‘We Brought Doughnuts and Beer:’ Families Greet USS Philippine Sea After 10 Months
The USS Philippine Sea came home to Naval Station Mayport on a sunny Wednesday morning, a long 10 months and two days after its 300 sailors left family and friends for what was anticipated to be just a six-month deployment.
After that long delay, here were some pretty eager family members itching to see their sailors again, among them 11 babies who’d never seen their fathers.
And for the first time since the pandemic began, some family members were allowed on the dock to meet the arriving sailors.
Anthony Mobley, a cryptologic technician, just beamed as he got his first look at his 5-month-old daughter, Amelia, handed him by his wife, Alina. “Indescribable,” he managed to say. “I can’t even …”
He searched for words. “Indescribable,” he said again.
A few feet away, Conner Ewing, a petty officer second class, smiled as he got his first look at his 6-month-old daughter, Evelyn. His wife, Hannah, had brought their daughter to the dock along with a sign fringed in red, white and blue that made this announcement: “EWING. Your girls are here and we brought Doughnuts and Beer.”
It had been a long time away.
Because of COVID-19 restrictions, sailors left their family and friends and began isolating aboard the ship June 19 last year but did not leave Mayport until July 3, said commanding officer Kevin Hoffman.
Another delay came when the ship spent several unscheduled weeks in Bahrain after some sailors tested positive for COVID-19. And then just as the guided-missile cruiser aimed for home, a cargo ship got jammed across the Suez Canal, leaving the Philippine Sea waiting in the northern Red Sea.
“We held tight and continued on our mission, conducting missions in the Red Sea until we were given the clearance to go,” said Hoffman, who complimented the crew’s resiliency, while acknowledging they were eager to get home.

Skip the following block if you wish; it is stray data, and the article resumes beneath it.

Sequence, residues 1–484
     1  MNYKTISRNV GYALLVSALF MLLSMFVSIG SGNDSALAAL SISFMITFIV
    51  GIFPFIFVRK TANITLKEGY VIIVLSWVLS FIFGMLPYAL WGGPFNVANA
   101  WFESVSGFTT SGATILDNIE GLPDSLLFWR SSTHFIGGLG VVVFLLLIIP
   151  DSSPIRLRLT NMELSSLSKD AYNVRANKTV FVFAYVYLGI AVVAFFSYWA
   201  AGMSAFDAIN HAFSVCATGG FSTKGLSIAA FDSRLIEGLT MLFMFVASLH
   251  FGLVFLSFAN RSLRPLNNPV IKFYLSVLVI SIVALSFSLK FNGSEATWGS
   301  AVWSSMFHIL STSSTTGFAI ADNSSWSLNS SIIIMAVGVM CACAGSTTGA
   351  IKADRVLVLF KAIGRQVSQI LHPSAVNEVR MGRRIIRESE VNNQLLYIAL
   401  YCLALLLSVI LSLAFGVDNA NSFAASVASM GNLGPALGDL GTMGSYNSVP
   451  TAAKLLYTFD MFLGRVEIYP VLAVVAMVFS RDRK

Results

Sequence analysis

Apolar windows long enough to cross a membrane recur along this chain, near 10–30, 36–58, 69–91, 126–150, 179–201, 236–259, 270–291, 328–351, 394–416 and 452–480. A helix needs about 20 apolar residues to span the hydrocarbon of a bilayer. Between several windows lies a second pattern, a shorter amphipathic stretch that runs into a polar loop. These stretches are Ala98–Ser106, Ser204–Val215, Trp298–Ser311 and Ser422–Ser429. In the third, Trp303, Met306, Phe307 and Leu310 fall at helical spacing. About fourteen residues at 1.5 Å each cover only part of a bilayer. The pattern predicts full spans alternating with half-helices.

The cruiser, which had also carried the Vipers of Helicopter Maritime Strike Squadron 48, traveled nearly 70,000 miles, many of them in the Middle East.
It spent time in the Atlantic Ocean, Mediterranean Sea, Gulf of Aqaba, Indian Ocean, Arabian Sea and the Arabian Gulf. It went through the Strait of Gibraltar, the Suez Canal and the Strait of Bab-el Mandeb. And it made 18 transits of the Strait of Hormuz while escorting partner military vessels and commercial shipping.
The Philippine Sea is the last cruiser at Mayport, and its stay there won’t be long. Hoffman said the ship is moving to a new homeport, Norfolk, by late summer.
Cheers sprung up in the parking lot just before 10 a.m. as a loudspeaker announced “moored shift colors,” signifying the ship had officially docked.
At that, a tight eight-piece band, Jacksonville NAS’ Deckplate Brass Band, kicked off a swinging version of “Anchors Aweigh.”
Rick and Cathy Malczynski were waiting for their daughter Mady, an ensign on the Philippine Sea and a Naval Academy graduate on her first deployment.
They admitted the delay had been challenging. “She’s tough though, and we’re a military family,” said her mother. “We’re used to this.”
She said she’d sent care packages to Mady, who had told them she was looking forward to a long hot shower.
“And some fresh vegetables,” her father said.
Amanda Pryor was at the head of the line of those awaiting the ship, the soon-to-be recipient of the ceremonial first kiss. She held a sign for her husband, Lt. Robert Pryor: “Miss me, miss me, now you gotta kiss me!”
At 10:34 a.m. he was first off the ship, carrying a duffel bag, a rolling suitcase and fresh flowers (one of numerous bouquets that had been shipped to the Philippine Sea that morning aboard the tug that met it just offshore).
As he took off his cap to get a better angle on the kiss, cheers sprung up from the sailors still lined up on the ship.
Mary Quick held up her son, Liam, 6, as she spotted her husband Blake. “Look!” she said. “Daddy’s signing, ‘I love you!'”
A huge grin — part surprise, mostly delight — took over Liam’s face as he signed “I love you” right back. And when his father finally reached the dock, Liam raced his siblings, Logan, 11, and Maleia, 9, to get to him.
Their father, still holding a bouquet, crouched at the foot of the gangplank, waiting for his children, holding his arms out just as wide as he could.
This article is written by Matt Soergel from The Florida Times-Union and was legally licensed via the Tribune Content Agency through the Industry Dive publisher network. Please direct all licensing questions to firstname.lastname@example.org.
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